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Rail News: Safety

NTSB issues reports on three Washington Metro accidents


On Friday, the National Transportation Safety Board (NTSB) released the final reports for three Washington Metropolitan Area Transit Authority (WMATA) accidents: A January 2010 accident at the Rockville, Md., station involving a hi-rail vehicle that struck and killed two automatic train control technicians; a February 2010 derailment at the Farragut North station; and a November 2009 train collision in the West Falls Church rail yard.

The probable cause of the Rockville accident was “inadequate safeguards designed to protect roadway workers from approaching hi-rail vehicles, and their failure to ensure hi-rail operators were aware of any roadside work being performed,” according to the NTSB.

Since the accident, WMATA has been working to address roadway worker safety by improving procedures to provide better protection, issuing a new Roadway Workers Protection Manual and upgrading all hi-rail vehicles. As a result, NTSB officials did not issue any recommendations.

However, the board did issue safety recommendations to the Federal Transit Administration. They include: notifying all rail transit agencies and state safety oversight agencies of the Rockville accident and urging them to evaluate their roadway worker protection programs to ensure other agencies are addressing the appropriate training, communication, maintenance-vehicle movement, flagging procedures, rules compliance and work-area sharing procedures.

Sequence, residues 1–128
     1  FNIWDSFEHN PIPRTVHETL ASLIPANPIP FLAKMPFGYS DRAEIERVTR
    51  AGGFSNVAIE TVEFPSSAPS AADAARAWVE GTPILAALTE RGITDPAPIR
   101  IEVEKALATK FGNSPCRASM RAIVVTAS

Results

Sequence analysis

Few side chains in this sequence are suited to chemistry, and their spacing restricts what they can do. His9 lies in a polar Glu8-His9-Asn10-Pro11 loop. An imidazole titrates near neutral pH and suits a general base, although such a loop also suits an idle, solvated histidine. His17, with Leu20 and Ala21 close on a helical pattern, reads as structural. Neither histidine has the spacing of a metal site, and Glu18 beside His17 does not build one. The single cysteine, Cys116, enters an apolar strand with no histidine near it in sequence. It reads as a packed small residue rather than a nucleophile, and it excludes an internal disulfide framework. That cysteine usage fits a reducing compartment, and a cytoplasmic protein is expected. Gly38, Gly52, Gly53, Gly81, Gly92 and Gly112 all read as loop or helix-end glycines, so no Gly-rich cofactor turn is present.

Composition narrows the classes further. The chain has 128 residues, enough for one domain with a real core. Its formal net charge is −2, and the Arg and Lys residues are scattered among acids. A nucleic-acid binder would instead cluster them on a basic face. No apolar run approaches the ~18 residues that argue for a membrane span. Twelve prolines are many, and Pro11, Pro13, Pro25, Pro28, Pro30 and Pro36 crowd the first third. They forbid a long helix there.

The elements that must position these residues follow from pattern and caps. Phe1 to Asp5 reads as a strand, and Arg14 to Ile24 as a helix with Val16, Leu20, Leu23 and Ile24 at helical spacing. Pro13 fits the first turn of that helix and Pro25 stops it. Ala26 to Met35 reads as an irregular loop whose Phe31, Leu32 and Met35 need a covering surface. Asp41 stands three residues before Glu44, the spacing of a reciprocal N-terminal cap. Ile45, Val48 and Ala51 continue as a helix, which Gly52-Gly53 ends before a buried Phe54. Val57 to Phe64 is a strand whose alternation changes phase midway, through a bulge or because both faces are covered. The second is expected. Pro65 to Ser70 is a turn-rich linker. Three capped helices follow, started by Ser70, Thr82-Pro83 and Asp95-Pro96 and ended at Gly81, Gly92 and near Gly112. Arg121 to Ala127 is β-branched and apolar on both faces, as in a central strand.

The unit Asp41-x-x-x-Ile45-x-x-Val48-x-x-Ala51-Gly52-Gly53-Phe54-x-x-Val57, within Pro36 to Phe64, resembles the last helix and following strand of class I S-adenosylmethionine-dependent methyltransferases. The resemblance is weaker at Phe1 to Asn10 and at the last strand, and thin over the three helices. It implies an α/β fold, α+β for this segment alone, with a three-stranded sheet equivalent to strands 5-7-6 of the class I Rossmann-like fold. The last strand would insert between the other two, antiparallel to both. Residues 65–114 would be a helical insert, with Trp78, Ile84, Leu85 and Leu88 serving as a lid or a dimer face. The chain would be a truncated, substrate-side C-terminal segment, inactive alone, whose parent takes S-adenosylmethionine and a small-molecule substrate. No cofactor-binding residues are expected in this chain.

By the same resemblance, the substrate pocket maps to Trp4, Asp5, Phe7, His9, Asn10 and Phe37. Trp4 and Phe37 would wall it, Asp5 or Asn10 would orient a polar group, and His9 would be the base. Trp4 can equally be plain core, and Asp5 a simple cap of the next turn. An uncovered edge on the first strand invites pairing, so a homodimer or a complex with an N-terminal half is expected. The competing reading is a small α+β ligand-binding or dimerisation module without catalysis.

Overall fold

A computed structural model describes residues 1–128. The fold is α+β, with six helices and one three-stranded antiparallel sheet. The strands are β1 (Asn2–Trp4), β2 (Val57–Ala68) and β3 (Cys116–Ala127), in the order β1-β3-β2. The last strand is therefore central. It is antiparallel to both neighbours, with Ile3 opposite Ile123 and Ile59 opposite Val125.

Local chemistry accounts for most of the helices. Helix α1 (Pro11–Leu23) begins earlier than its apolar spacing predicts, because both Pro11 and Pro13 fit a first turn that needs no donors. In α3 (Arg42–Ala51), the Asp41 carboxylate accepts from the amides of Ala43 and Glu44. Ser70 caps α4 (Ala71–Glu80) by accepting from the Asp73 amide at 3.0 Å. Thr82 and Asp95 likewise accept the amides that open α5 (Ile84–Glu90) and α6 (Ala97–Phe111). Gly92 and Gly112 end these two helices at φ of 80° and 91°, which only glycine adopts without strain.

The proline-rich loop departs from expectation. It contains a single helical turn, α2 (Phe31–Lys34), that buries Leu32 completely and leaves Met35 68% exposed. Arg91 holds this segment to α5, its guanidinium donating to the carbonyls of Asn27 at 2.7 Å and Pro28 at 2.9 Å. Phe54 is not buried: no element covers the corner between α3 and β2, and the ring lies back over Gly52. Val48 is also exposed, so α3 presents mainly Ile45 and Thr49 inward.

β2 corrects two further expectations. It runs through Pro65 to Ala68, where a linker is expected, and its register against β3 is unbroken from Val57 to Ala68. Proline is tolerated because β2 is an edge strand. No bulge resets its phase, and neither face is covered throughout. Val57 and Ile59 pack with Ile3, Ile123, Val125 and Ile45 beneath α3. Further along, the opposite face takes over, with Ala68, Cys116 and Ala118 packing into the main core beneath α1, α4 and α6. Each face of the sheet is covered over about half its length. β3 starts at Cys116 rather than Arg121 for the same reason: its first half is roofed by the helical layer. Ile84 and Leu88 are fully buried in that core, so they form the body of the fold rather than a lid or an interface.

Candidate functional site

Meanwhile, the NTSB determined that the Farragut North station derailment was caused by the train operator’s failure to follow proper operating procedures, which resulted in the train running past a red signal and over the interconnected derail. The West Falls Church Yard collision was caused by the train operator’s failure to control the movement of a train as it approached a standing train, possibly due to fatigue, according to the board.

“We welcome the National Transportation Safety Board’s thorough reviews of these incidents, which serve as important reminders of our number one priority — safety,” said WMATA General Manager and Chief Executive Officer Richard Sarles in a prepared statement.

Contact Progressive Railroading editorial staff.

More News from 6/4/2012